Barack Obama lays out his gun control package with Joe Biden in January. (Reuters/Larry Downing.)
It’s no easy task to come up with an interesting newspaper column twice a week. Virtually no one has genuinely original thoughts—or groundbreaking reporting—on so demanding a schedule. Columnists therefore rely on hobby horses, lenses through which they see and interpret events that lead the front pages and other news outlets.
The New York Times’ Maureen Dowd is most famous for her tendency to reduce almost all political conflict almost exclusively to the personality quirks of the president and those of his top advisers and opponents. She assumes the role of armchair psychiatrist with verve and vigor and because she is believed by many to be a felicitous writer—and occupies what remains the most prestigious perch in opinion journalism—her work has provided many others with an example of how to analyze politics as well. Dowd’s influence is only one reason why so much of our political conversation is so intensely personality-driven, but it is an important one nevertheless. It has always been so to a certain degree, but the fact that she has achieved so much success and enjoys so much prestige for what is essentially a soap-opera driven model of policymaking.
Dowd, moreover, often combines her obsession with personality with a fairy-tale notion of the power of the presidency—at least Barack Obama’s presidency. In a most recent column, for instance, she blames the death of new gun regulations on Obama’s refusal to “get down in the weeds and pretend he values the stroking and other little things that matter to lawmakers.” She goes on to explain that while an effective campaigner, Obama “still hasn’t learned how to govern.”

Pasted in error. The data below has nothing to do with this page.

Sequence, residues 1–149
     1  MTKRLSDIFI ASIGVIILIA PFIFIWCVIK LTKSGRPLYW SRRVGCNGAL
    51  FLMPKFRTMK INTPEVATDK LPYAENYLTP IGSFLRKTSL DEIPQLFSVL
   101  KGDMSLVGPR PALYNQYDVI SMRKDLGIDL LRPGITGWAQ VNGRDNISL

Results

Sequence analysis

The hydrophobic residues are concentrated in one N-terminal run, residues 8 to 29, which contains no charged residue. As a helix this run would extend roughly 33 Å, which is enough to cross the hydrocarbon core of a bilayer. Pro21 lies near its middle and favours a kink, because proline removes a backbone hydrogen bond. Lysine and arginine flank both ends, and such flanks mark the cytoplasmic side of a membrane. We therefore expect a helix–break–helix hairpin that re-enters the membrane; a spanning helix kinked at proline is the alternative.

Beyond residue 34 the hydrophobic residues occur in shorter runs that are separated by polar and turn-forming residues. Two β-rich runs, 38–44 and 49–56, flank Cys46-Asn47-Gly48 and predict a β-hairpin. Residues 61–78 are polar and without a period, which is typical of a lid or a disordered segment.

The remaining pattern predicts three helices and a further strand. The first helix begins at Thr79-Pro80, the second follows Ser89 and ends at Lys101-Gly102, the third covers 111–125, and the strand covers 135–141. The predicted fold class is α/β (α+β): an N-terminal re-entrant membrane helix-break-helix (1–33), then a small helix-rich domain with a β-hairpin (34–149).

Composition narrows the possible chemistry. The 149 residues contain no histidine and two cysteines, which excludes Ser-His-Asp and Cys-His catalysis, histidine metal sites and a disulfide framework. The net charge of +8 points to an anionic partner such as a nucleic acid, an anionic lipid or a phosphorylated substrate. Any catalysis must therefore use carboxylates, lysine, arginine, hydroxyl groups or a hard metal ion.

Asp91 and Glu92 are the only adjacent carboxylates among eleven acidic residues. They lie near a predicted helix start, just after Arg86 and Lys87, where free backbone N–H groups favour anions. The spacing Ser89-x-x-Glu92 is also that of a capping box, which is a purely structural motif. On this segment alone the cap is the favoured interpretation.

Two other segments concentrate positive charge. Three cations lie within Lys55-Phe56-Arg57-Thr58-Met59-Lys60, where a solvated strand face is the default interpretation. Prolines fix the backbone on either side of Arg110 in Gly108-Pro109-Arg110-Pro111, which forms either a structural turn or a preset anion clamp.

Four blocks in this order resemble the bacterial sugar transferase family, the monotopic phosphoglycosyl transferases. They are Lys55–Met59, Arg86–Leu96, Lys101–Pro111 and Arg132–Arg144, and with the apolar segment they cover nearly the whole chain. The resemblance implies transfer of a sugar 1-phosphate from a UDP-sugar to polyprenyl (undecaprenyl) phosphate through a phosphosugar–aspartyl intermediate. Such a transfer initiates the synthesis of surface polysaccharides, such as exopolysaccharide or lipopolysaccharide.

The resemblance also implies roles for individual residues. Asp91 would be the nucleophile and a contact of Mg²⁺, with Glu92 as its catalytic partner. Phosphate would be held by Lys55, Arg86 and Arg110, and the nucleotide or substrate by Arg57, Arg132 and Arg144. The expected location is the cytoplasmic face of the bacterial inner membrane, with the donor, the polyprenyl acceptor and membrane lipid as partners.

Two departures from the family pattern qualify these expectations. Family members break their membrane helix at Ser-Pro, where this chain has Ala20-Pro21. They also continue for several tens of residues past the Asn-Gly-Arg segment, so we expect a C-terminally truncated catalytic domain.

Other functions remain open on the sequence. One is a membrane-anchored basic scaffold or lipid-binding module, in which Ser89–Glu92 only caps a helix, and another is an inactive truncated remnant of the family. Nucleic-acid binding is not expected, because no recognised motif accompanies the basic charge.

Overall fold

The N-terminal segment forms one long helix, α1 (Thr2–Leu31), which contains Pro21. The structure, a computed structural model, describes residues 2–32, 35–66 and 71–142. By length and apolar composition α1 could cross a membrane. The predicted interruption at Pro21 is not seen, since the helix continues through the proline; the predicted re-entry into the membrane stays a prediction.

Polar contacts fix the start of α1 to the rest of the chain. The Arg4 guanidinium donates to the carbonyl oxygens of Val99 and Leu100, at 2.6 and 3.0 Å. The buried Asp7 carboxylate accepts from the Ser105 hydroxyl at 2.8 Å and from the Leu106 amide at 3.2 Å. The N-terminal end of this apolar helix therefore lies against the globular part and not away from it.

And why not? Apparently it’s because he doesn’t want to. She asks:
How is it that the president won the argument on gun safety with the public and lost the vote in the Senate? It’s because he doesn’t know how to work the system. And it’s clear now that he doesn’t want to learn, or to even hire some clever people who can tell him how to do it or do it for him….
My oh my, observes, Dowd, “Even House Republicans who had no intention of voting for the gun bill marveled privately that the president could not muster 60 votes in a Senate that his party controls.” Note here, as Dowd does not, that the president’s party may “control” the senate, but they do not control 60 votes. Note, as well, as Dowd does not, that gun control is an issue that has historically divided the Democratic Party. Finally, note how ridiculous it is to hear of “House Republicans” tsk-tsking the president for failing to win the vote when it is the intransigence of their party that was the cause. Had they allowed an up or down vote on the issue, instead of resorting so frequently to filibuster tactics, the bill would have passed. Apparently there was no room in Dowd’s column to mention that.